What Does A Valium High Feel Like?
Valium (or diazepam) is a benzodiazepine, also known as benzos, that targets the central nervous system (CNS). As a prescription drug, Valium offers sedative effects for those with:
- anxiety disorders
- muscle spasms
- panic attacks
- difficulty sleeping
Since Valium brings about a euphoric feeling of sedation, a Valium high can make you feel fuzzy, disoriented, or numb. Benzodiazepines increase the effects of gamma-aminobutyric acid (GABA), a chemical that decreases activity in the brain.
How To Tell If Someone Is High On Valium
Those who abuse Valium may exhibit signs and symptoms that others might notice. One of the ways you can tell if someone is high on Valium is by examining their behavior. They may seem to be intoxicated or exhibit impaired coordination.
On top of this, the person suffering from a substance use disorder may use alternative methods to take the drug such as snorting or smoking. If someone injects the drug into their veins, you may notice marks on their arms or even sores and abscesses.
Effects Of Valium
Even though you might experience a high when taking Valium, there are other side effects to be aware of. When taken orally, Valium may cause the following side effects:
- impaired coordination
- sleep discomfort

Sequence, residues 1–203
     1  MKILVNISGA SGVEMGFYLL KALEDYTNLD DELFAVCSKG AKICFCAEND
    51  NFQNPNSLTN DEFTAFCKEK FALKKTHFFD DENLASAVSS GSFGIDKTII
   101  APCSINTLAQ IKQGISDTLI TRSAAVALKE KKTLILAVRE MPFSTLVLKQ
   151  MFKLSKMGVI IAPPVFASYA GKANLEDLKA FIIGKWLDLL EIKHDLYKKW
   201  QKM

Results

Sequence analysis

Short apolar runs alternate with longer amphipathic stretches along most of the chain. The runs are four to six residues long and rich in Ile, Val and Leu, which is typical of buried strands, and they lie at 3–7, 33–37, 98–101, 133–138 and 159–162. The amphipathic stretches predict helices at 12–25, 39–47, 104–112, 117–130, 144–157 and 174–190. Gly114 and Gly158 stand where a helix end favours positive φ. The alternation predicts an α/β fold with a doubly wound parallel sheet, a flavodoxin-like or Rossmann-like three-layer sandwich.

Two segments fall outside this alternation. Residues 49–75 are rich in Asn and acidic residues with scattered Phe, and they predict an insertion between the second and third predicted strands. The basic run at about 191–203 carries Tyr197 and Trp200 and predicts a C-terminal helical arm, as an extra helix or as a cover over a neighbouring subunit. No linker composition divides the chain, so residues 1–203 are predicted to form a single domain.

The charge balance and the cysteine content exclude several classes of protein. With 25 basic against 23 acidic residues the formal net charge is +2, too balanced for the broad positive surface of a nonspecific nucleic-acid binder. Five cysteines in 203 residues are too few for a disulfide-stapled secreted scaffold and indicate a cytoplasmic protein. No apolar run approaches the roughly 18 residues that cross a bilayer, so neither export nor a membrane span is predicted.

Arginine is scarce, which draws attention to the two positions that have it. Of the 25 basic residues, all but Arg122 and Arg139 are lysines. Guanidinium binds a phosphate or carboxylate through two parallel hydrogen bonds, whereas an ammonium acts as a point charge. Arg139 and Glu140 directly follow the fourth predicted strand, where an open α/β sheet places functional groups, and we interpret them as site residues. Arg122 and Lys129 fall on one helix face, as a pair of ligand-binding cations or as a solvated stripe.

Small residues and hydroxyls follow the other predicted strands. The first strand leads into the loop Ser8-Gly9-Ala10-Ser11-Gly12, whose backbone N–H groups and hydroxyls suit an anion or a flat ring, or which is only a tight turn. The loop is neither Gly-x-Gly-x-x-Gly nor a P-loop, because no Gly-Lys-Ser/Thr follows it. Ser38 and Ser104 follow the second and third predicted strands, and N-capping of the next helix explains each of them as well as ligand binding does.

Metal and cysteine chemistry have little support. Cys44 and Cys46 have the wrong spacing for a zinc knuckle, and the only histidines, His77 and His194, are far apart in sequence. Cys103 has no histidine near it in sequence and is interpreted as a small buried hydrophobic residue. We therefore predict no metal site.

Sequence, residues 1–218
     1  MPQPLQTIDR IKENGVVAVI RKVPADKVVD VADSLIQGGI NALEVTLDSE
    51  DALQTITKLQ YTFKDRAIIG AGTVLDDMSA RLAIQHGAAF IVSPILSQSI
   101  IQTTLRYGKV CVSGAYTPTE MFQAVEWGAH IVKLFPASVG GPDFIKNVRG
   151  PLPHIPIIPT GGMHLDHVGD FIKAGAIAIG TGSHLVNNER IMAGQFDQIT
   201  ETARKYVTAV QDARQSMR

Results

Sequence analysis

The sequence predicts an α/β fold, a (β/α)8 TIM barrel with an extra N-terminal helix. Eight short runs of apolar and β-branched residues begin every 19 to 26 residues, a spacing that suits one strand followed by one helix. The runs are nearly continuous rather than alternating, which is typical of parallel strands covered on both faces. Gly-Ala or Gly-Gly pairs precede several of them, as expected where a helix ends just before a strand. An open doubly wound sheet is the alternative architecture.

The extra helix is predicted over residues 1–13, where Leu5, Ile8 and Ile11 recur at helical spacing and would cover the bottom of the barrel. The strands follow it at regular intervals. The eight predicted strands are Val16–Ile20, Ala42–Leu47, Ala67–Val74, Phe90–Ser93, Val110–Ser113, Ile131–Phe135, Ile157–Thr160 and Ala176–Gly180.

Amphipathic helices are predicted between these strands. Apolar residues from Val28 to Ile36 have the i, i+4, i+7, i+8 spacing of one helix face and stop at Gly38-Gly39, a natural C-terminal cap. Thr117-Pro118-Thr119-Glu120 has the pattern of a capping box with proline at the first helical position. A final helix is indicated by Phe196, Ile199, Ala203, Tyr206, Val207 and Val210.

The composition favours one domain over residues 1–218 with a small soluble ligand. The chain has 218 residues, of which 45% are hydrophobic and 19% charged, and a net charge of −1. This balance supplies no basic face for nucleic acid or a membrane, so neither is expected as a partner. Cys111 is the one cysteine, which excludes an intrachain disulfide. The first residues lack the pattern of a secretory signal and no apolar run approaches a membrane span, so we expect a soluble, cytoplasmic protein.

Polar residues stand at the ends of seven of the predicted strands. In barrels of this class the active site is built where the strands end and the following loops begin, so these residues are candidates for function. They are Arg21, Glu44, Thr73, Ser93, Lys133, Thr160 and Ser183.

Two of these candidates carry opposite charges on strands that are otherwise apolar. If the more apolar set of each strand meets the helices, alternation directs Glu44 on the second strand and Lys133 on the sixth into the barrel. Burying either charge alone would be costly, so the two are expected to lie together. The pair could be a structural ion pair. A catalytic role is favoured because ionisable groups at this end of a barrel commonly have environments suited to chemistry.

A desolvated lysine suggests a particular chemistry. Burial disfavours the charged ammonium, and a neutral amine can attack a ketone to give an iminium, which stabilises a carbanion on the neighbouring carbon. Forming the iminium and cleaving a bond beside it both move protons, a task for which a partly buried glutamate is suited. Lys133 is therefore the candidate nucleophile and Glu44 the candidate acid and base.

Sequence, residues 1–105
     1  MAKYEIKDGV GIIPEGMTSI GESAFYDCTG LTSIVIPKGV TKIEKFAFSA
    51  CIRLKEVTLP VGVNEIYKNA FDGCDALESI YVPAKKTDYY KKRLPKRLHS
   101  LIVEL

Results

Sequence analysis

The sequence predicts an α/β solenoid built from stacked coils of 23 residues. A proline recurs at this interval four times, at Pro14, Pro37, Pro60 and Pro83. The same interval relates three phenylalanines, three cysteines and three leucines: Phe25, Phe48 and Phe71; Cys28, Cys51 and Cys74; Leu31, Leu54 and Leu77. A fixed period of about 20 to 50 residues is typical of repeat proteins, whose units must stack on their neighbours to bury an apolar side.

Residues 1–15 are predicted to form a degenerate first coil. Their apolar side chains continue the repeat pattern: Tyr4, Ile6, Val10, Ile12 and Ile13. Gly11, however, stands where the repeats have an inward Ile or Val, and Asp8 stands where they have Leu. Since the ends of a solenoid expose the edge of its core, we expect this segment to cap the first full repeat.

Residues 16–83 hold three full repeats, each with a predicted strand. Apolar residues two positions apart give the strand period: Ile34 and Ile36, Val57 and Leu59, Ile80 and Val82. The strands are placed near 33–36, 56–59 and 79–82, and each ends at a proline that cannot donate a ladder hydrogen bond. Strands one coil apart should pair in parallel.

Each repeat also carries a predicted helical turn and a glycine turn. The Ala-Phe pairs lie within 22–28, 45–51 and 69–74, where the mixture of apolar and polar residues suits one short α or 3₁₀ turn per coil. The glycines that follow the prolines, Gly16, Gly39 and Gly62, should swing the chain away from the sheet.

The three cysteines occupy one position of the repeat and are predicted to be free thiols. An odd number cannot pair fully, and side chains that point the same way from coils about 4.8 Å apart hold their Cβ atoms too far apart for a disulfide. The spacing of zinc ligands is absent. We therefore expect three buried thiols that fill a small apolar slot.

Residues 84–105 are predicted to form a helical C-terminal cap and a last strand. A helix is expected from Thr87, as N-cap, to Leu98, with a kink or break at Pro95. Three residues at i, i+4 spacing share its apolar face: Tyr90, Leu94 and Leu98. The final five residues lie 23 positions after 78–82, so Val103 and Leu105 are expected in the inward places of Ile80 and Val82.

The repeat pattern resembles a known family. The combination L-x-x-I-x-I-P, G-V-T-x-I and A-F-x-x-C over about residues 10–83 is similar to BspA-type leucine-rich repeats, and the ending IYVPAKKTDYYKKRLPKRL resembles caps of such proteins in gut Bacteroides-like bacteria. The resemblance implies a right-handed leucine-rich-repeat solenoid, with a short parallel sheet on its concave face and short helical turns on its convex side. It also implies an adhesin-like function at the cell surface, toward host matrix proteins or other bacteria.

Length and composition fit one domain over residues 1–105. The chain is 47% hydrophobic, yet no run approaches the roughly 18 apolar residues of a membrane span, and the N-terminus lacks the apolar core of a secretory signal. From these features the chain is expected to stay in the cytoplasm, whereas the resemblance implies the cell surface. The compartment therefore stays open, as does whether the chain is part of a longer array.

- poor concentration
If administered in other ways, the side effects will be similar but may be strengthened if the drug is snorted, inhaled, or injected.
Signs Of Valium Addiction
Those suffering from addiction may exhibit a wide range of symptoms. Some signs of Valium abuse include taking higher doses of the drug than directed or mixing it with other substances like alcohol or opioids.
If you continue to use Valium despite experiencing the more serious side effects of drug abuse, you may have a substance use disorder. As harsher symptoms continue, you might experience:
- increased heart rate
- fluctuations in blood pressure
- muscle weakness
- slow reflexes
Withdrawal symptoms from Valium can also be intense and may require a professional detox program. Withdrawal symptoms occur if the drug is stopped abruptly after forming dependence. It is never recommended to stop diazepam “cold turkey,” or without professional assistance.
Ironically, Valium is the benzodiazepine used to help those dealing with alcohol withdrawal. Alcohol and Valium should never be mixed together due to the hazardous side effects that can be amplified after use.
When one continuously abuses the drug, the chances of an accidental Valium overdose can occur. This can lead to coma or serious effects, especially when it’s used with other central nervous system depressants.
Combining Valium with opioids or other benzos like Ativan (lorazepam) for a stronger high can also cause a dangerous drug interaction. This interaction can lead to respiratory depression, shallow breathing, and death.
Treating Valium Addiction
If you or a loved one struggles with substance abuse or addiction, help is available. We offer both inpatient and outpatient options, as well as detox programs to help you get started on the path towards recovery.
Contact us today to learn more about our addiction treatment options.
Written by Ark Behavioral Health Editorial Team
©2023 Ark National Holdings, LLC. | All Rights Reserved.
This page does not provide medical advice.
National Alliance on Mental Illness - Benzodiazepine-Associated Risks
National Alliance on Mental Illness - Diazepam (Valium)
National Institute on Drug Abuse - Benzodiazepines and Opioids
US Food and Drug Administration - Valium
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